The new facility is well equipped with modern medical equipment which will ease provision of health services. These medical equipment include Magnetic Resonance Imaging (MRI), CT-Scan machines, X-Rays, Mammography (breast cancer screening device), to name but a few.

Prof Kaaya noted that the process of installing the modern medical equipment is still going on.

The modern MRI scanner machine which is being installed has a capacity of 1.5 tesla. MRI is a test that uses a magnetic field and pulses of radio wave energy to make pictures of organs and structures found inside the human body.

In many cases, MRI gives different and more information about structures than what can be seen with an X-ray, ultrasound or computed tomography (CT) scan.

Meanwhile, a computerised tomography (CT) scan combines a series of X-ray images taken from different angles and uses computer processing to create cross-sectional images, or slices, of the bones, blood vessels and soft tissues inside your body. CT scan images provide more detailed information than plain X-rays do.

Responding to a question posed by a journalist on what has been done to address regular breakdowns of the machines especially due to electricity fluctuations, Prof Kaaya said there will be a special gadget which will be installed to stabilise power used by, not only MRI, but all other medical facilities at the centre.

“We have already consulted with Tanzania Electric Supply Company Limited (Tanesco) and they have agreed to supply us with sufficient power for the facility. Tanesco will also make sure that we get power which is compatible with kind of machines that will be installed here,” he said.

An industrial UPS has also been fixed to ensure that the power which goes to feed the machines is on required rate.

To ensure that the facility will have constant power supply, the Muhas vice chancellor noted that there will be a standby generators with capacity to produce amount of electricity needed to operate all machines at the facility.

UPS is a critical part of a hospital’s power supply infrastructure. When coupled with UPS and back-up generators, they provide the operating rooms and other critical or intensive care units with continuity of power in the event of a variety of supply failure scenarios.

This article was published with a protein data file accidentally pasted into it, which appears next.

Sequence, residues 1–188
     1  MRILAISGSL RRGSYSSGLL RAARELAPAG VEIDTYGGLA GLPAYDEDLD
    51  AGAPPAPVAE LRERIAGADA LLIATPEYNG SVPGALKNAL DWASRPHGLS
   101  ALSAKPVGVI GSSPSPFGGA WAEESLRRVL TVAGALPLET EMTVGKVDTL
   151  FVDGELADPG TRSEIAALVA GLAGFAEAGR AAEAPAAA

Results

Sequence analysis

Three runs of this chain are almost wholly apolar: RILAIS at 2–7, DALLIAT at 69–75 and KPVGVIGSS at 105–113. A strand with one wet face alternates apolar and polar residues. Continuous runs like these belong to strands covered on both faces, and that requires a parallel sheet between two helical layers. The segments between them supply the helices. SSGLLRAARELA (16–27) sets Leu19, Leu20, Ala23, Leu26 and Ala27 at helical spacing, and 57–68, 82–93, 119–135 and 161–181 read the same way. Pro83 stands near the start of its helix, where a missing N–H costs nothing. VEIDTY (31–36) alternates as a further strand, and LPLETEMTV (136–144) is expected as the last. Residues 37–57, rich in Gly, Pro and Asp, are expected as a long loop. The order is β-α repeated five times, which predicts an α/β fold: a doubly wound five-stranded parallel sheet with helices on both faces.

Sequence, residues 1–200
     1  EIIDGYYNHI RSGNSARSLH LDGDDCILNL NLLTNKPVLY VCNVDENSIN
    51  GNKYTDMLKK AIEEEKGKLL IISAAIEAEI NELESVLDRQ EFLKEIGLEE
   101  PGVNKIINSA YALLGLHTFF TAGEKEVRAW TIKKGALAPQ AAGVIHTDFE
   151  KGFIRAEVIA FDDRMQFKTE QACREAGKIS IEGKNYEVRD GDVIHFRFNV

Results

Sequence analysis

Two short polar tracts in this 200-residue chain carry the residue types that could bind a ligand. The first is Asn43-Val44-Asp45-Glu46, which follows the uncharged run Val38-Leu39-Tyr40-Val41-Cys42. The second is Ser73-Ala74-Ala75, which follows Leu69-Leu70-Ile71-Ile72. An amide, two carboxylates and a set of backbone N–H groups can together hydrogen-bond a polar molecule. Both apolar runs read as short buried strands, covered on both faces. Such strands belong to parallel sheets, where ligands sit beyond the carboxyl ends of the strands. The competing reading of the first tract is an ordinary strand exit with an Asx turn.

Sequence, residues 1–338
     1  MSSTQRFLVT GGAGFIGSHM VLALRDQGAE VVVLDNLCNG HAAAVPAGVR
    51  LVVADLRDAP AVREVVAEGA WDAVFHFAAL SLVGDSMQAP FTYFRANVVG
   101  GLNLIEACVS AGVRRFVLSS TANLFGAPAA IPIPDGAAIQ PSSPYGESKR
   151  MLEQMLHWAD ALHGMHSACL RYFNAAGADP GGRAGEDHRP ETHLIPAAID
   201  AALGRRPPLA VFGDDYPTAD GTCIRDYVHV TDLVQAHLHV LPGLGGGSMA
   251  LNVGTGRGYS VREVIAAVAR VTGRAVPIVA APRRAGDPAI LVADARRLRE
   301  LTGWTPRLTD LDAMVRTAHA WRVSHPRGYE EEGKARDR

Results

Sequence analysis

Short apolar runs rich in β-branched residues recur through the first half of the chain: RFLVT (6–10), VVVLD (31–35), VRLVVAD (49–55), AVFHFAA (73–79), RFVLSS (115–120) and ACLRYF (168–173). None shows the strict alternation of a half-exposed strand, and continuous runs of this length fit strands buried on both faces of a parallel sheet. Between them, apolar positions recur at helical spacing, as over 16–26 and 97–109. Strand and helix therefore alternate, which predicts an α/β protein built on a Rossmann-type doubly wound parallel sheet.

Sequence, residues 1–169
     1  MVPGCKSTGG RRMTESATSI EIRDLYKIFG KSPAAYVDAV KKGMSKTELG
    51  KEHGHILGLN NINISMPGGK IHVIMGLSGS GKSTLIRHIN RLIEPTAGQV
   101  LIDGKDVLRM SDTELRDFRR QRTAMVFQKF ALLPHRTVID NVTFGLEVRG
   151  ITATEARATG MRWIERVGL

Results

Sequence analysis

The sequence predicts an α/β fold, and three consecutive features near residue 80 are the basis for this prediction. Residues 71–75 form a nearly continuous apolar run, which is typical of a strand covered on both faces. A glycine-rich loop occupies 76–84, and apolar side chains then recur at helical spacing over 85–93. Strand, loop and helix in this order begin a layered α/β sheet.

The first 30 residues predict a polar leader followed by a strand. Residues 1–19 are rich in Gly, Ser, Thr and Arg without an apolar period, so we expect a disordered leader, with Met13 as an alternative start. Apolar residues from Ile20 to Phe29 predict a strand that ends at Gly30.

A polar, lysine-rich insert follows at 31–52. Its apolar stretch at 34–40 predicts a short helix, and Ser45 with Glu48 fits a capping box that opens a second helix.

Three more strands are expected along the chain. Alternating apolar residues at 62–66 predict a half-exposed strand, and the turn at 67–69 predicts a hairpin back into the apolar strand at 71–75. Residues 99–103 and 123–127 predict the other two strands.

Mr Omari Killo, one of the contractor personnel, told journalists that the installation of UPS was essential to ensure stability in power supply at the hospital.

“The apparatus would ensure there is stability in the power supplied whenever it is needed especially at the intensive care units, operating theatres and elsewhere,” he said.

Modern technology

The new facility has pneumatic tube system – a precise system used to send samples to laboratories and to other nursing stations within a very short time. This highly complex system which perform a great variety of tasks.

The vice chancellor, Hospital services at Muhas, Prof Said Aboud noted that the pneumatic tube system transports a multitude of small and medium-sized items while doctors and nursing staff dedicate themselves to the patients.

“This system saves not only time, but also space. Laboratories can be centralised and stocks in the decentralised medicine storage depots can be reduced,” he said.

Furthermore, Prof Aboud noted that the pneumatic tube system helps increase efficiency since the staff is no longer busy running errands, allowing the wards to stay occupied all the time.

The Citizen Tanzania